600 million-year-old sponge found in China


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A ‘nearly pristine’ 600 million-year-old sponge has been uncovered in southern China. Scientists believe the sponge – which represents the most primitive animal on Earth – is the oldest ever found.

600 million-year-old sponge found in China
A scanning electronic microscope image of the 600 million-year-old 
sponge-like animal fossil [Credit: Zongjun Yin]

Its discovery pushes back the start of the evolution of multicellular animals to before the Cambrian explosion 541 million years ago.

Sponges, also known as Porifera, are multicellular organisms that have bodies covered with pores and channels that allow water to circulate through them.

Scientists have still to confirm when they first appeared on Earth.

Estimates range from 700 million years ago to a time known as the Cambrian period, which took place 541 million to 485 million years ago.

The latest finding would place the sponge around 60 million years before the Cambrian started.

Researchers want to pin down the date because they believe it is key to understanding early animal evolution.

The split between sponges and most other animals was a major event in the early history of life on our planet.

The sponge, found in the Doushantuo Formation, is just over one millimetre in height and width, according to researchers from the Nanjing Institute of Geology and Palaeontology.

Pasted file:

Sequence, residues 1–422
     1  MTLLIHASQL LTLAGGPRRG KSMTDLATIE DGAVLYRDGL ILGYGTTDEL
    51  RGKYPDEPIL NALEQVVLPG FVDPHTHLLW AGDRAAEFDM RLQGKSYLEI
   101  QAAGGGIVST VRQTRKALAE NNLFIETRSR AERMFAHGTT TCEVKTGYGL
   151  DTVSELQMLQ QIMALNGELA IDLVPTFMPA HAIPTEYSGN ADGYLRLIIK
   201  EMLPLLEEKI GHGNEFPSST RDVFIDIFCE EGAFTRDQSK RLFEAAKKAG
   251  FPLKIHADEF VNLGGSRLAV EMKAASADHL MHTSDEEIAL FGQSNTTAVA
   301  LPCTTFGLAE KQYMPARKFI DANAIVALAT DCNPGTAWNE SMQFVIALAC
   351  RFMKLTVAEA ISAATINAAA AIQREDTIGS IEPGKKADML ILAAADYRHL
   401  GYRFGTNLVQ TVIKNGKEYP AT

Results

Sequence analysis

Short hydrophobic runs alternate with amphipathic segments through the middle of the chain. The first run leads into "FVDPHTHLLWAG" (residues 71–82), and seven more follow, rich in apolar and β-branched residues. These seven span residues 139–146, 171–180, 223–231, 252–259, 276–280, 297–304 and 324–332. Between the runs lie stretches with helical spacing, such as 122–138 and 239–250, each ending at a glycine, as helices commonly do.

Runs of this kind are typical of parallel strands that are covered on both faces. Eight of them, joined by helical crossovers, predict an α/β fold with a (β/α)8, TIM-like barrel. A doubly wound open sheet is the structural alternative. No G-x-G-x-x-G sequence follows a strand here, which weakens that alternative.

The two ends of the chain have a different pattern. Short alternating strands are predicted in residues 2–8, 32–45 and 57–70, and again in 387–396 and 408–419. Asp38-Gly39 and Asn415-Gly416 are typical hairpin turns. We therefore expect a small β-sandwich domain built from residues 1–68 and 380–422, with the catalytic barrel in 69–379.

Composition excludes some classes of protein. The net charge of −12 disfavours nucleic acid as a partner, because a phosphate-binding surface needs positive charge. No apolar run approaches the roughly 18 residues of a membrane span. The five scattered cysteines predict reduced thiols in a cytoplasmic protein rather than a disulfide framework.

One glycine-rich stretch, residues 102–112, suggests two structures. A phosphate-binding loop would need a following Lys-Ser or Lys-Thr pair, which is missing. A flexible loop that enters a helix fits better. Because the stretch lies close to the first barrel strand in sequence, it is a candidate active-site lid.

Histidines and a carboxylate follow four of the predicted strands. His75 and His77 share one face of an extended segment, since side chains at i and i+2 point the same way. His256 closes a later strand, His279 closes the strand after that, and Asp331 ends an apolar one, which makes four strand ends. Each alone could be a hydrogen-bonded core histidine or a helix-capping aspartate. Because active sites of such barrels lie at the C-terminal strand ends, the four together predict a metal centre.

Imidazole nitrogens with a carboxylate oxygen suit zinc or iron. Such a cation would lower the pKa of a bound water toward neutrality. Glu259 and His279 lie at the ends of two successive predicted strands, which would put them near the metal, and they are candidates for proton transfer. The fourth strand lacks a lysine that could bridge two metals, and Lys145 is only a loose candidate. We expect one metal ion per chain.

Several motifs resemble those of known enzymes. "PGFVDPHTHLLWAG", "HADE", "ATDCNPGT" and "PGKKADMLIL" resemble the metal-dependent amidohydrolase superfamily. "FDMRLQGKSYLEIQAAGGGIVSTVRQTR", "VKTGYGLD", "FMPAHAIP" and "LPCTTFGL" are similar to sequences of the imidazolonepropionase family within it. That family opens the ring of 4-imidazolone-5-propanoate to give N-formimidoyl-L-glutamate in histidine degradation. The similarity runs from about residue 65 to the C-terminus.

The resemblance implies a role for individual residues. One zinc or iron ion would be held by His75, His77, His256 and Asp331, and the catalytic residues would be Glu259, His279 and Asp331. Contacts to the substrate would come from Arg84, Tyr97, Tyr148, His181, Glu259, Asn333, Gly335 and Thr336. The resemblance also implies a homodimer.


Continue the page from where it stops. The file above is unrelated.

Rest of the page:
To get a good look, scientists used scanning electron microscopy and X-ray technology.

The team has named it Eocyathispongia qiania and say that it is made up of hundreds of thousands of cells.

Its structure is formed in three tube-like chambers that are fixed to a common base, with cell structures that resemble those in modern sponges.

Scientists also found surface cells that indicate pores, like modern sponges, which control water flowing into the organism.

There was an area inside one of the tubes with pits surrounded by raised collars – a possible precursor to choanocyte cells which modern sponges use to move water through their bodies.

As well as being one of the oldest of the really old sponge fossils found, the find also represents one of the most pristine.

The researchers say they have more material from the site where the sponge was found, and will be sifting through it looking for more tiny sponges and perhaps other organisms.

Lead author of the paper published in Proceedings of the National Academy of Sciences, Maoyan Zhu said that the find suggests that animals on Earth began diversifying 600 million years ago.

‘Discovery of additional specimens would confirm that the fossil represents a Precambrian sponge,’ he said.

‘But features of the fossil are consistent with sponge anatomy… fossils of similarly advanced eumetazoans [all major animal groups except sponges] may yet lie in the fossil record.’

Author: Ellie Zolfagharifard | Source: Dailymail [March 11, 2015]



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